To Taper or Not to Taper: That Is the Question

Federal Reserve

It’s not Hamlet who is providing theatrical intrigue in the financial markets, but rather Federal Reserve Chair Ben Bernanke. Watching Bernanke decide whether to taper or not to taper the $85 billion in monthly bond purchases (quantitative easing) is similar to viewing an emotionally volatile Shakespearean drama.

The audience of investors is at the edge of their seats waiting to see if incoming Fed Chief will be plagued with guilt like Lady Macbeth for her complicit money printing ways — or will she score a heroic and triumphant victory for her hawkish stance on quantitative easing (QE). No need to purchase tickets at a theater box office near you, because the performance is coming live to your living room as Yellen’s upcoming Senate confirmation hearings will be televised this upcoming week.

Bad News = Good News; Good News = Bad News?

In deciding whether to slowly kill QE, the Fed has been stricken with the usual stream of never-ending economic data (see current data from Barry Ritholtz). Most recently, investors have followed the script that says bad news is good news for stocks and good news is bad news. So-called pundits, strategists, and economists generally believe sluggish economic data will lead the Fed to further romance QE for a longer period, while robust data will force a poisonous death to QE via tapering.

Good News

Despite the recent, tragically-perceived government shutdown, here is the week’s positive news that may contribute to an accelerated QE stimulus tapering:

  • Strong Jobs: The latest monthly employment report showed +204,000 jobs added in October, almost +100,000 more additions than economists expected.  August and September job additions were also revised higher.
  • GDP Surprise: Third-quarter GDP registered in at +2.8% versus expectations of 2 percent.
  • IPO Dough: Twitter Inc. (NYSE:TWTR) achieved a lofty $25,000,000,000 initial public offering (IPO) value on its first day of trading.
  • ECB Cuts Rates: The European Central Bank (NYSE:ECB) lowered its key benchmark refinancing rate to a record low 0.25 percent level.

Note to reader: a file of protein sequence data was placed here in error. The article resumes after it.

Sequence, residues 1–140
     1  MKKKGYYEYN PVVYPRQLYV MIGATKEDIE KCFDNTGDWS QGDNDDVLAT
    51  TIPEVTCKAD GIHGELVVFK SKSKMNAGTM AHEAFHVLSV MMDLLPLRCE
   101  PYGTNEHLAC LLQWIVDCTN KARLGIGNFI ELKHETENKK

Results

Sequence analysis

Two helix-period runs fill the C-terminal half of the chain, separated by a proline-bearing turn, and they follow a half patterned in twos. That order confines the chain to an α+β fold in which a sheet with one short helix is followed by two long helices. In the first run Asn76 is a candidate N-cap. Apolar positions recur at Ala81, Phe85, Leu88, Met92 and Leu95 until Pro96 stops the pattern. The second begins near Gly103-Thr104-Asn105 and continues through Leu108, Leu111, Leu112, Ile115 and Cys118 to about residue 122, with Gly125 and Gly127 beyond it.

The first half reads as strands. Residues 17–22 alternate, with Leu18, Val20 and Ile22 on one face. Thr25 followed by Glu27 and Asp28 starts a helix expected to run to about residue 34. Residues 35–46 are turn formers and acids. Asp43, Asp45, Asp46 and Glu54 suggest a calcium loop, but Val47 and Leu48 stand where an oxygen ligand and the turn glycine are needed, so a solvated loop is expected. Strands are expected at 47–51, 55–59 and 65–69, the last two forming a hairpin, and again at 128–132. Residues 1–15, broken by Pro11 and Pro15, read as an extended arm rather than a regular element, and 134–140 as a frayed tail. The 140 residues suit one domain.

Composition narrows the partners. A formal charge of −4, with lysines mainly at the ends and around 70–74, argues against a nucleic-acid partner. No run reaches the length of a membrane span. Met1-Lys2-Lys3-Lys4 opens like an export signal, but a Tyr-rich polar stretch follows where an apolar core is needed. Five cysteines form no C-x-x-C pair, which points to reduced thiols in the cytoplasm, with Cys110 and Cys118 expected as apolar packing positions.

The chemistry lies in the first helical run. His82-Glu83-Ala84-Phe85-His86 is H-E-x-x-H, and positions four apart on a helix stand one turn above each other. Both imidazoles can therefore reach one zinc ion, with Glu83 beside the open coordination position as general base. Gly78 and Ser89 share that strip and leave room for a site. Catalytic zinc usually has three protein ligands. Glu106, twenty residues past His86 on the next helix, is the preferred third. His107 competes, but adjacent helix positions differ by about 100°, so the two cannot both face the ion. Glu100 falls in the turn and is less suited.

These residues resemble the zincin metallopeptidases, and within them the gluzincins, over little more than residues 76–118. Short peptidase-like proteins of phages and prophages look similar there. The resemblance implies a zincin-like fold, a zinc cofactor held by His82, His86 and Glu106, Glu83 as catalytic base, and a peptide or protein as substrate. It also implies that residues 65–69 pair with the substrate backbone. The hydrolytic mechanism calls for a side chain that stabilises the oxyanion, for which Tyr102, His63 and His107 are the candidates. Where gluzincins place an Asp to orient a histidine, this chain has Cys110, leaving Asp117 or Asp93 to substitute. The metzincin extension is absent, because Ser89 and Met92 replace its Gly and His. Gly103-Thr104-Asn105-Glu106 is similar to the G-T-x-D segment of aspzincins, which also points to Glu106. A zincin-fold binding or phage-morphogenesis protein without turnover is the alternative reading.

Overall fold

• Service Sector Surge: ISM non-manufacturing PMI data for October came in at 55.4 versus 54.0 estimate.

Bad News

Here is the other side of the coin, which could assist in the delay of tapering:

  • Mortgage Apps Decline:  Last week the MBA mortgage application index fell -7 percent.
  • Jobless # Revised Higher: Last week’s Initial jobless Claims were revised higher by 5,000 to 345,000.
  • Investors Too Happy: The spread between Bulls & Bears is highest since April 2011 as measured by Investors Intelligence.

 

Much Ado About Nothing

With the recent surge in the October jobs numbers, the tapering plot has thickened. But rather than a tragic death to the stock market, the inevitable taper and eventual tightening of the Fed Funds rate will likely be Much Ado About Nothing. How can that be? As I have written in an article earlier this year (see 1994 Bond Repeat), the modest increase in 2013 yields (up +1.35 percent approximately) from the July 2012 lows pales in comparison to the +2.5 percent multi-period hike in the 1994 Federal Funds rate by then Fed Chair Alan Greenspan. What’s more, inflation was a much greater risk in 1994 with GDP exceeding 4.0 percent and unemployment reaching a hot 5.5 percent level.

Given an overheated economy and job market in 1994, coupled with a hawkish Fed aggressively raising rates, the impact of these factors must have been disastrous for the stock market, right? Wrong. The S&P 500 actually finished the year essentially flat (~-1.5 percent) after experiencing some volatility earlier in the year, then subsequently stocks went on a tear to more than triple in value over the next five years.

To taper or not to taper may be the media question du jour, however, the Fed’s ultimate decision regarding QE will most likely resemble a heroic Shakespearean finale or Much Ado About Nothing. Panicked portfolios may be in love with cash like Romeo & Juliet were with each other, but overreaction by investors to future tapering and rate hikes may result in poisonous or tragic returns.

Wade Slome, CFA CFP is President and Founder of Sidoxia Capital Management and shares his investing insights at Investing Caffeine.

Don’t Miss: Obama Recognizes Fumbles, Makes Changes to Stay in the Game.